As a Missouri small business owner, you may consider your intellectual property one of your most valuable assets, and chances are, you would be right to do so. If you have formulas, recipes, techniques or other elements of your business that set you apart from your competitors, you likely want to protect them to the fullest extent possible. Luckily, there are some simple steps you can take to help safeguard your valuable property and prevent it from falling into the wrong hands.
If you live in Missouri and operate your own small business, you may be handling your own employment needs with regard to hiring, firing and so on. Often, one of the best ways to prevent potential lawsuits from employees or otherwise finding yourself in trouble involves adopting some solid human resource-related practices from day one, and this holds true when it comes to employment contracts. At Kozeny & McCubbin, we understand the essential elements of an employment contract, and we have helped many Missouri small business owners fine-tune theirs and prevent potential problems down the line.
If you are a Missouri business owner, then you know that sometimes things do not go according to plan. Competitors arise, deals fall through and unexpected clients land right on your doorstep. There is absolutely no way to plan for everything, but that should not prevent you from working with a planning perspective.
When you have a small business in Missouri, you may come to a point where you begin to think about expanding. This is the natural course of business. You start out small and eventually expand into a larger business where you can make more profit and serve a larger group of people. However, if you try to expand at the wrong time, you could hurt your business. This is why it helps to know the signs that expansion is a good option.
When you enter into a business partnership in Missouri, you have to be aware of the responsibilities placed on both you and your partners. If any of you decide you no longer want to be part of the business or can no longer be a part of the business, it can create problems. There are many reasons why a partnership may end, and according to Entrepreneur, when one partner leaves a business, it can dissolve that business. This is why it is essential to understand how to handle a partner leaving.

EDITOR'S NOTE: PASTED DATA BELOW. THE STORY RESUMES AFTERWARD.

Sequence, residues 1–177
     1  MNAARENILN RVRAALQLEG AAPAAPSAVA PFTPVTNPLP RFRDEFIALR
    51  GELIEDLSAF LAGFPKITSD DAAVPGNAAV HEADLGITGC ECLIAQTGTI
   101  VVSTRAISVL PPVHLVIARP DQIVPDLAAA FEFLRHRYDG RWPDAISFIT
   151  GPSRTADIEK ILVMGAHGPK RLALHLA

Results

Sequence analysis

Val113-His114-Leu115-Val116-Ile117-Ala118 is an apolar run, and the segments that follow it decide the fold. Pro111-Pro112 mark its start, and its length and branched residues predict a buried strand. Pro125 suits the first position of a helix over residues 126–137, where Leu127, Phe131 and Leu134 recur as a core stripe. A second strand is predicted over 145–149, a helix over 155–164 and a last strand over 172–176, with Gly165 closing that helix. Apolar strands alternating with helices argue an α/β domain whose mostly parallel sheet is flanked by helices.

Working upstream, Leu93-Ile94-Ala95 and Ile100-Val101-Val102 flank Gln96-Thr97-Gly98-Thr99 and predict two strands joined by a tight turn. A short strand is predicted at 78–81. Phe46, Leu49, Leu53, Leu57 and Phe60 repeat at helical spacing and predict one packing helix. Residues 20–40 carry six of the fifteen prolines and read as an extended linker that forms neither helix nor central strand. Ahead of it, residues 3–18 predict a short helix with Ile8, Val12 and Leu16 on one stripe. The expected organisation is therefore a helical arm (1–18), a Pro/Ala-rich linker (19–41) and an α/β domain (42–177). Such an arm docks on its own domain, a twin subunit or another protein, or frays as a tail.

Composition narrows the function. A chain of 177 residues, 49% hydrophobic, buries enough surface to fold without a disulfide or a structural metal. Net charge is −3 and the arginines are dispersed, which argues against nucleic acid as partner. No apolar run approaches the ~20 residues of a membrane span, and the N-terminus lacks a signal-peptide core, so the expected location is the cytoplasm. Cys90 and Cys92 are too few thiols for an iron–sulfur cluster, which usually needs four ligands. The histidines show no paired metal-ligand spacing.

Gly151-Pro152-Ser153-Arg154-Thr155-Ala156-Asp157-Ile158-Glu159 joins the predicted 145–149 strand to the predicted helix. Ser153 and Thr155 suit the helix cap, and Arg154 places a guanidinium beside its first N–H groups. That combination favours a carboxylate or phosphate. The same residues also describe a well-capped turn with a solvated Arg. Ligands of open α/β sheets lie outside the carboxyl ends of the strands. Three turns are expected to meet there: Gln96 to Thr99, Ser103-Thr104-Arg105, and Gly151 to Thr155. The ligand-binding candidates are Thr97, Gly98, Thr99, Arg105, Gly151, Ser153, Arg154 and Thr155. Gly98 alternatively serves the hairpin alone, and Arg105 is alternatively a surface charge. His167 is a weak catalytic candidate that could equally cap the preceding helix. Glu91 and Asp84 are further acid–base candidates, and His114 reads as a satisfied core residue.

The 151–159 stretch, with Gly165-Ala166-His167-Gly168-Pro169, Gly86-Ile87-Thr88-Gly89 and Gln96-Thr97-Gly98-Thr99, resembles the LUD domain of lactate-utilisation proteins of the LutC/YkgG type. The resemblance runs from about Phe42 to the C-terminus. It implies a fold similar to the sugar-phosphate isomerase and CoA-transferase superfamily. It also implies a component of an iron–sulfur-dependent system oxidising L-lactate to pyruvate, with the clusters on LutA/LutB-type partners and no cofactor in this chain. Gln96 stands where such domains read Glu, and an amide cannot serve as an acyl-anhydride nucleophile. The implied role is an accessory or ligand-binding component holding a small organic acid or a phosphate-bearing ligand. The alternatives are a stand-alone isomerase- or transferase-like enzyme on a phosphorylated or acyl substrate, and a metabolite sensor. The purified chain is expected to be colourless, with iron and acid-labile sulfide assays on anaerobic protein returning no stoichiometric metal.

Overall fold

It may not be something that you have ever considered, but if you are a business owner in Missouri and you are married, it is well worth your time to consider what would happen to your business if you were to divorce. A divorce can be a very difficult situation. Money and finances are often a major sticking point. If you are the owner of a business, it becomes an asset that could be up for grabs during your settlement. Luckily, there are ways you can safeguard your business.
In forming a limited liability company, Missouri business owners have the option under state law to organize their company’s leadership in one of two ways. Generally, entrepreneurs can create their new business as a manager-managed or a member-managed company.
As a Missouri entrepreneur, your business is a huge part of your life. Whether you are considering a new startup or expansion of your existing company, your business plan is vital to the success of your venture. Entrepreneur magazine calls your business plan your written description of the future of your business; that is, what you plan to do with your business and how you plan to do it.
Regardless of how well people get along, before they go into business together in Missouri, they need a partnership agreement. According to FindLaw, if partners do not take the time to create this contract, their business relationship will instead be defined by the state's rules for partnerships. While these may work for some, they cannot address the unique aspects of each company.
If you are preparing to start your own business in Missouri, you likely understand the need for careful financial planning and strategic management in order to make your dream a reality. We at Kozeny and McCubbin can help you make smart choices in the creation of your company that can make a big impact on your bottom line.